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Beirut spa offers flesh-eating fish treatment

posted 27 Feb 2011, 05:14 by Sam Mbale   [ updated 27 Feb 2011, 05:16 ]

A new spa opens in Beirut offering visitors beauty and medicinal treatments for psoriasis and eczema by using fish that eat away at dead skin.

BEIRUT, LEBANON. REUTERS- 
How about a mani or pedi from a fish? At the Argilab beauty centre in Beirut, a customer undergoes fish spa therapy. Garra rufa, also known as the "doctor fish," exfoliate hands, ankles, calves and feet. The inch-long silver fish, a form of carp, do not bite; they simply nibble at dead skin cells with mouths that act like suction cups.



Customers describe the experience as a tingling, tickling sensation, and say it leaves the skin smooth.

"It's nice and a person should always try new things. This fish eats all the dead skin, it cleans the feet from all the residues and dead skin and after you're done with the session, your feet are really clean and you feel relaxed and smooth, it's like someone has given you a foot massage," said one customer as little fish chomped away at his feet immersed in a fish tank.

Spas say the treatment has a number of health benefits and can improve chronic skin conditions like psoriasis and eczema, leaving skin rejuvenated.

"They (the Garra rufa) don't have teeth and they work on the human skin by sucking it. We have three layers of skin but we only see one. These fish eat the three layers but they don't eat the live skin and they energise blood flow," said the founder of the Dr. Fish spa.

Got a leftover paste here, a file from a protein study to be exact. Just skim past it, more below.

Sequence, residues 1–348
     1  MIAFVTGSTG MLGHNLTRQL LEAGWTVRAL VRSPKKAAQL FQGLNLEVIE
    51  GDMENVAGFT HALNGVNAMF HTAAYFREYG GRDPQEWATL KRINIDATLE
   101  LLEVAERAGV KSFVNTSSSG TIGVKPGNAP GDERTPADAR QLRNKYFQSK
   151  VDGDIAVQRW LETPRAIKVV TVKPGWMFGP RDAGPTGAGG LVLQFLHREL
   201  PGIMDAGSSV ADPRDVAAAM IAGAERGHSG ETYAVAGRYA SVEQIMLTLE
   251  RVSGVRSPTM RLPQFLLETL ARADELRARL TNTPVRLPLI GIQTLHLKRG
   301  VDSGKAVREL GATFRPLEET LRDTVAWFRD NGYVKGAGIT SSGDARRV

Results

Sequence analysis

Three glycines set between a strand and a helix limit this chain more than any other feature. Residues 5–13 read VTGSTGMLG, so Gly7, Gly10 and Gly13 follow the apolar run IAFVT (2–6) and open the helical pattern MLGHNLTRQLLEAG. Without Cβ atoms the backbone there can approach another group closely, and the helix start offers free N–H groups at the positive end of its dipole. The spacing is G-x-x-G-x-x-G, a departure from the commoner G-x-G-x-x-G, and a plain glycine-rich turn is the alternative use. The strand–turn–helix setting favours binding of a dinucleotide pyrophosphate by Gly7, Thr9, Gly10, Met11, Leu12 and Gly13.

Scientifically referred to as ichthyotherapy, this treatment is believed to work via the secretion of diathanol, a potent enzyme in the saliva of the Garra rufa fish which enhances skin regeneration. Although the popularity of the treatment has only recently swept through Europe, the Garra rufa fish have busily nibbled away at epidermis for centuries in the Kangal hot springs in Turkey.

The use of 'doctor fish' as treatment for skin conditions and stimulation of circulation has been met with some criticism. There is little scientific proof of the effectiveness of such therapy and imitations of the Garra fish, a carp species imported from China known as chin chin, have been found to be used in parts of Southeast Asia. These little impostors have tiny teeth that bite and prick the skin.

But despite scepticism more and more people are taking the plunge and fish treatments have become a popular novelty spa treatment in Europe and Asia.

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